Fitch Is Bearish On Several Latin American Insurance Carriers

Fitch Is Bearish On Several Latin American Insurance Carriers

Over the past five weeks, Fitch Ratings has conducted a review of its International ratings in Latin America with respect the impact of the coronavirus and is recapping the results of that review. The review resulted in negative rating outcomes defined as downgrades, Negative Outlooks or Negative Watch for approximately one-third of the cohort. The negative outcomes were heavily influenced by Fitch’s April 2020 downgrade of the Mexico sovereign rating to ‘BBB-‘ from ‘BBB’, in part due to coronavirus pressures, and asset concentrations by insurers in that sovereign’s debt.

The review included 12 insurers for which Fitch maintains a public international scale rating, including seven in Mexico, two in Peru, and one each in Brazil, Chile and Uruguay. Of the 12, three Mexican insurers were downgraded due in part to the noted sovereign pressures, and the remaining nine were affirmed. Of those affirmed, one insurer in Brazil was assigned a Negative Outlook and the remaining eight were Stable. Of those downgraded, one was assigned a Negative Outlook and the other two were Stable. Finally, one of the noted ratings affirmed had an Outlook revision to Stable from Positive.

Although the ultimate implications of the pandemic on Latam insurers’ credit profiles remain unclear, Fitch believes that widespread default risks in below investment-grade bonds in excess of the firm’s rating case assumptions, represent the most significant downside risk. This could have a significant impact on Latam issuers’ profitability and capital position. Furthermore, high concentrations in sovereign-related investment securities coupled with further negative rating actions on Latam country’s sovereign ratings, which are not captured in the firm’s rating case assumptions, would also have a significant influence on Latam issuers’ ratings, given the changes in the country’s industry profile and operating environment’s assessment by Fitch.

The rating actions were based on Fitch’s assessment of the impact of the coronavirus pandemic under a set of ratings assumptions (see “Fitch Ratings Defines Assumptions for Coronavirus Reviews of Insurance Companies”, published on April 7, 2020). These assumptions were used to develop pro forma financial metrics for insurance groups, which Fitch compared with the ratings guidelines defined in its “Insurance Rating Criteria”, published on March 2, 2020, and with previously established rating sensitivities for the respective insurers. The review was also heavily influenced by elements in Fitch’s criteria tied to sovereign investment and country risks.

Ratings Downgraded with Outlook Revised to Negative from Stable:

  • Seguros Inbursa (Insurer Financial Strength [IFS]: BBB-/Negative).

The downgrade of Mexico’s Seguros Inbursa’s IFS rating mirrors the rating action on Banco Inbursa. Fitch considers Grupo Financiero Inbursa’s (GFI) credit quality aligned to that of its main operating subsidiary, Banco Inbursa. Both Seguros Inbursa and Banco Inbursa’s ratings are based on legal support agreements provided by its holding group GFI, which is legally bound to provide support for its subsidiaries’ losses and obligations.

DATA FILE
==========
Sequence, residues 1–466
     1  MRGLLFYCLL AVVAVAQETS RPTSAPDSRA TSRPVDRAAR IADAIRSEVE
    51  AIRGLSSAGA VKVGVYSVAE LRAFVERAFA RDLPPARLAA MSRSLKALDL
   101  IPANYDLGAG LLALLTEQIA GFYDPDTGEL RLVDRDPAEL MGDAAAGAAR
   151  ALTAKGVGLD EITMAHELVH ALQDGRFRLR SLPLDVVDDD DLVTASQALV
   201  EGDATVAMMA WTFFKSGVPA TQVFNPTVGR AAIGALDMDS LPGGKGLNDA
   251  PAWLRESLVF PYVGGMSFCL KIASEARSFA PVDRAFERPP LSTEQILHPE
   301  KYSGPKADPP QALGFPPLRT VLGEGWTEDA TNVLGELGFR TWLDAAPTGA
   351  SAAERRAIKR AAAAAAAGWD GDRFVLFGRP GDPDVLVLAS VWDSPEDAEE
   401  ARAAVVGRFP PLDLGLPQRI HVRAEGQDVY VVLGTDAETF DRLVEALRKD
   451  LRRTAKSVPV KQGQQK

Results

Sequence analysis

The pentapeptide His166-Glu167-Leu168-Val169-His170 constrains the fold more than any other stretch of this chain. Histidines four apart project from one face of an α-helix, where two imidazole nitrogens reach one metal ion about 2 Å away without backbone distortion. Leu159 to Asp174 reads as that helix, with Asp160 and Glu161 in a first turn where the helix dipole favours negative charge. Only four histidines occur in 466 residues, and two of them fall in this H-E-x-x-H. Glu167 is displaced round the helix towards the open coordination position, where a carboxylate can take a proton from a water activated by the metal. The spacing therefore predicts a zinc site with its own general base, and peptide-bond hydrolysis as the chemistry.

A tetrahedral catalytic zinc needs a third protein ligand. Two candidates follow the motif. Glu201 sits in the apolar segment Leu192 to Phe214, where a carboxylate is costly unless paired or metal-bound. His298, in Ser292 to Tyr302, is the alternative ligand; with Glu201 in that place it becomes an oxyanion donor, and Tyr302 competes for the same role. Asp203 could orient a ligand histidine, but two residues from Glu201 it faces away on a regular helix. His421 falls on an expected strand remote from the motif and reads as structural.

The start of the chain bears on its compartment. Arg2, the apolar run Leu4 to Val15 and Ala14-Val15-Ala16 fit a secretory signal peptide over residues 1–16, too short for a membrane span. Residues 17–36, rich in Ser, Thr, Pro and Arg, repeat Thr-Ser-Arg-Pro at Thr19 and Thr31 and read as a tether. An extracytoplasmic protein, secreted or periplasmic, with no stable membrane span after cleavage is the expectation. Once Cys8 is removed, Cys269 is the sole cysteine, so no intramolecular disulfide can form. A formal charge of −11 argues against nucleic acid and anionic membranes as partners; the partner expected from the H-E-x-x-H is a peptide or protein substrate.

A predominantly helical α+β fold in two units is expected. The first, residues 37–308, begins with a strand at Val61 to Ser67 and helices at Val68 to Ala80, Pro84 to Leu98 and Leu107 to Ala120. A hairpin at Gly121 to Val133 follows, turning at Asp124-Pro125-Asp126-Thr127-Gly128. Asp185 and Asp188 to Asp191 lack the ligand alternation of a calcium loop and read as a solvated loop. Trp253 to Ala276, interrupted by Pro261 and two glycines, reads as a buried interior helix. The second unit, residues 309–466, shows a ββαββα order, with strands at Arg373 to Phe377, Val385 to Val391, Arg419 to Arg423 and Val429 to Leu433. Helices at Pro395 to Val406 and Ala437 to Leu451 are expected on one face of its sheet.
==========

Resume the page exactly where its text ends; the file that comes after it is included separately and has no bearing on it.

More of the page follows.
Ratings Downgraded with Stable Outlooks:

  • Reaseguradora Patria (IFS: BBB+/Stable)
  • Pena Verde (Issuer Default Rating [IDR]: BBB-/Stable).

The downgrade of Mexico’s Reaseguradora Patria S.A. (Patria) primarily reflected pressures on the reinsuers’ investment and asset risk driven by Mexico’s sovereign rating downgrade, given the sovereign investment concentration being held at 107% of capital at YE 2019. The sovereign’s downgrade also caused Patria’s Risky Assets Ratio to increase to 80% from 59%. Patria’s coronavirus pro forma was also pressured by the company’s exposure to equity investments at 26% of capital.

The downgrade of the holding company Pena Verde S.A.B.’s (PV) IDR mirrors that of its main operating company, Patria. PV’s rating reflects standard operating to holding company notching as well as a ‘ring fenced’ regulatory environment, per Fitch’s insurance criteria.

Ratings Affirmed with Outlooks Revised to Negative from Stable:

  • Sul America S.A. (IDR: BB-/Negative).

The revision of Brazil’s Sul America’s Outlook to Negative was driven by its pro forma ROAE breaching the downgrade sensitivity of less than 8% under the firm’s rating-case assumptions. The Negative Outlook also reflects a pro forma financial leverage ratio (FLR) that increased to 27% from 24%, below the previous rating sensitivity of 31%, but at a closer level. This revision also considered the direct influence of the negative outlook on Brazil’s sovereign rating for the insurance industry’s profile and operating environment.

Ratings Affirmed with Outlooks Revised to Stable from Positive:

  • RIMAC Seguros y Reaseguros (IFS: BBB/Stable).

In Peru, Rimac Seguros y Reaseguros’ (Rimac) rating was affirmed and the Outlook was revised to Stable from Positive, reflecting the significant uncertainties created by the global coronavirus pandemic, the effect that this is having on capital markets and also the companies’ expected net earnings for this year. In general, Fitch believes Positive Outlooks are not appropriate at this time due to such uncertainties.

Ratings Affirmed with Outlooks Maintained at Stable:

  • Proteccion Agropecuaria (IFS: BBB-/Stable)
  • Aseguradora Aserta (IFS: BBB-/Stable)
  • Aseguradora Insurgentes (IFS: BBB-/Stable)
  • Der Neue Horizont Re (IFS: B/Stable)
  • Ohio National Seguros de Vida (IFS: BB+/Stable)
  • Sancor Seguros S.A. (IFS: B+/Stable)
  • Pacifico Compania de Seguros y Reaseguros (IFS: BBB+/Stable).

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